My approach is get them going, get them practicing it, and then to answer the questions, and help them tune, and continue to guide them along their path. Then, I think along the way, you start to see where are the areas of greatest friction. As a coach, that’s my number one thing I’m always looking for is friction. I’m like, “Where are we rubbing against each other in the business, or where are we stuck in the business, and what do we need to do to smooth that out so that the work can flow again?

‚ĶEach business is a little different, but there’re pretty common patterns like, “We don’t have a product roadmap, so we’re having a hard time prioritizing the work, because we don’t know where we’re going in the long term,” or you know, “There’s not enough support for product owners, so they’re struggling to kind of get the information they need for the team,” or, “We don’t have a good definition of done, and so, we’re inconsistent about our technical standards, and that’s causing us to have problems at integration points.”

So, looking for those things and then bringing some practices to bear that help smooth that out, and then you just keep looking for the next thing. Then, my goal is to teach them how to identify the friction so that they can then start addressing it themselves, right?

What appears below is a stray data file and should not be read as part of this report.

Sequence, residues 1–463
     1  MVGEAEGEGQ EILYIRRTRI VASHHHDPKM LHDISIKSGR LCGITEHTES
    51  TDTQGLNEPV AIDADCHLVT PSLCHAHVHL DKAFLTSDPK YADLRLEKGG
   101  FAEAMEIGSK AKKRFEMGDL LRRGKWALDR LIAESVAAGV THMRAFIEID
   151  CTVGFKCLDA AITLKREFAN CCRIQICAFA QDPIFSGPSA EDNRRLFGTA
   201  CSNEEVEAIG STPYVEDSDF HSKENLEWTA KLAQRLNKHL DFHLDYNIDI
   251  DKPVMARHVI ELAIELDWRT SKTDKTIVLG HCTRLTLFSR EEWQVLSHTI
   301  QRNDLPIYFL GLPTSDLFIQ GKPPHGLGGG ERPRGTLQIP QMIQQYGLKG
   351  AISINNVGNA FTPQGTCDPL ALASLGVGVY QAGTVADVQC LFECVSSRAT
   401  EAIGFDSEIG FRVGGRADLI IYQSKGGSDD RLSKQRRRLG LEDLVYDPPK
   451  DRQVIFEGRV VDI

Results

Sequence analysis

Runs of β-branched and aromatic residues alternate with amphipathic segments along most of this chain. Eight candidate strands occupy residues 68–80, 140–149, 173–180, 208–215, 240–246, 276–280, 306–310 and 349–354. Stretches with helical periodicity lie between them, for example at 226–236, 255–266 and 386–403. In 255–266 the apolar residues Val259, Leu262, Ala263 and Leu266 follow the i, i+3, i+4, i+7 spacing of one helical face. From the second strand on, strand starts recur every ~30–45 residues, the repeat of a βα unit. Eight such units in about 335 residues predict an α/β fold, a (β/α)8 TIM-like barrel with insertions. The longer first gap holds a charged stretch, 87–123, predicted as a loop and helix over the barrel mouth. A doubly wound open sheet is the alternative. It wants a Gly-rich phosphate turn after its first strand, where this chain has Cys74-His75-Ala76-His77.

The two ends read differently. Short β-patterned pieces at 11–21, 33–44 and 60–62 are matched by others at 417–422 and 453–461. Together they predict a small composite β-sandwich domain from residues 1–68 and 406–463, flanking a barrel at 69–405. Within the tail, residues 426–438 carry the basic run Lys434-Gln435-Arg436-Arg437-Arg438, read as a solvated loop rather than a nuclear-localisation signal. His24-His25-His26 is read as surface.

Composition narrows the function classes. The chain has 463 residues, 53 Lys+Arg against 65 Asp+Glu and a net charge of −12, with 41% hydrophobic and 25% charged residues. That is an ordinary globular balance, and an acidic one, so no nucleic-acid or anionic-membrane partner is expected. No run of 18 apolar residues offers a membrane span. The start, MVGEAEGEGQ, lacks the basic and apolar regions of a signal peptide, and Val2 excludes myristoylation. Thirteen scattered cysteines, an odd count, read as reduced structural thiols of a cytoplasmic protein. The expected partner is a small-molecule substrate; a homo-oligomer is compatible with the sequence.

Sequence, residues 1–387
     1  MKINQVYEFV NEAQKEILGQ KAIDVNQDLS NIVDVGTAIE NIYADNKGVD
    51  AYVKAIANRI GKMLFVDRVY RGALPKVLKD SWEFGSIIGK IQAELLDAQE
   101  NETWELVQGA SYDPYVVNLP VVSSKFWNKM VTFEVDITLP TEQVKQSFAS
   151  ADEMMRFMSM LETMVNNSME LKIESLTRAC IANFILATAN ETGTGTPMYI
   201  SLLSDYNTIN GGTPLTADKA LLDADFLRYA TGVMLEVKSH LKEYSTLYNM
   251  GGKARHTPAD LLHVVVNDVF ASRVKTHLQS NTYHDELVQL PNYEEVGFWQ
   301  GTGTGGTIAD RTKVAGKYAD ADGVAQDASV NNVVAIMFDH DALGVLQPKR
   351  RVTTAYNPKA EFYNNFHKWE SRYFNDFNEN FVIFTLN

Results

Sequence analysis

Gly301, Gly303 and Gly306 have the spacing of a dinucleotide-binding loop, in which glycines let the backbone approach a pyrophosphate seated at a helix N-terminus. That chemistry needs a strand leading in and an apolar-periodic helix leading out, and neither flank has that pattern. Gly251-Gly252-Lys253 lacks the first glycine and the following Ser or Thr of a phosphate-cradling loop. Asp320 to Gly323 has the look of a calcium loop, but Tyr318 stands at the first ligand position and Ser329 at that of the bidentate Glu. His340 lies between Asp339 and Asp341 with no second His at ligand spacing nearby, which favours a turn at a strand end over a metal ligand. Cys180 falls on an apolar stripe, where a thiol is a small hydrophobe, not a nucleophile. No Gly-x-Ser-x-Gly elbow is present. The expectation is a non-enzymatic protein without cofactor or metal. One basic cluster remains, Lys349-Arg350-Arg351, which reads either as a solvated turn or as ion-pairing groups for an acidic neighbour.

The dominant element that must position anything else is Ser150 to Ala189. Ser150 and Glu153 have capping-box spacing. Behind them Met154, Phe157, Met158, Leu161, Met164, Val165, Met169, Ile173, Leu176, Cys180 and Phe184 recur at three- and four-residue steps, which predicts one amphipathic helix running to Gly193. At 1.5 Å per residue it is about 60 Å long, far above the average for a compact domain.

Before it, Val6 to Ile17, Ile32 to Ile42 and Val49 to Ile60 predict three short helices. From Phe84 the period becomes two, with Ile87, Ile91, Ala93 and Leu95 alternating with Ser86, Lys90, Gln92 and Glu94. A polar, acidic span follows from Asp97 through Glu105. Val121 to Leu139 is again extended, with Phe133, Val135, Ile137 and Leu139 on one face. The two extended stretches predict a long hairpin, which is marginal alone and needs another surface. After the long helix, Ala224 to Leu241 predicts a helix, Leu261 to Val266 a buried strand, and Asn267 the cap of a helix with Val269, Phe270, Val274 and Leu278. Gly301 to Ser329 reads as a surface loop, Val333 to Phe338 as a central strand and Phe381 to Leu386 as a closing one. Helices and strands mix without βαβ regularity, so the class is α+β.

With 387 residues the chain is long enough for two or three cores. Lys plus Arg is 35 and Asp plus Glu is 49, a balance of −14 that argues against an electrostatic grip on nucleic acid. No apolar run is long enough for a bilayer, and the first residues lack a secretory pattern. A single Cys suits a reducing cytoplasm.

Like, “Let me show you guys where I see this friction. Let me talk to you about what we might do about that. Now, next time, you tell me where the friction is, and what do you think you want to do about it?”

Because, that’s the way they get better, and from what it looks like from the outside is that you go from this kind of frozen system. What I always tell people is like, you can tell you have too much work in process, and that your system is full of friction when everybody’s working as hard as they can and nothing is getting done, right?

It’s not, “Nothing’s coming out of the system, and it’s not because we’re all just sitting around drinking lattes. We are working hard, and we are just frustrated in our inability to get to done,” and so what you start seeing is that the work starts to even out, and more, and more things are getting done, and so, you know, employee satisfaction increases, and customer satisfaction increases, and we just start to feel more successful, and we’re working the same. We’re not working harder, because I think we were already working hard, right?

So, we’re working the same amount, but we’re working so much smarter, and what we’re doing is adding so much more value, and so that just makes us more satisfied, because, as humans, we like to see our efforts go towards good results.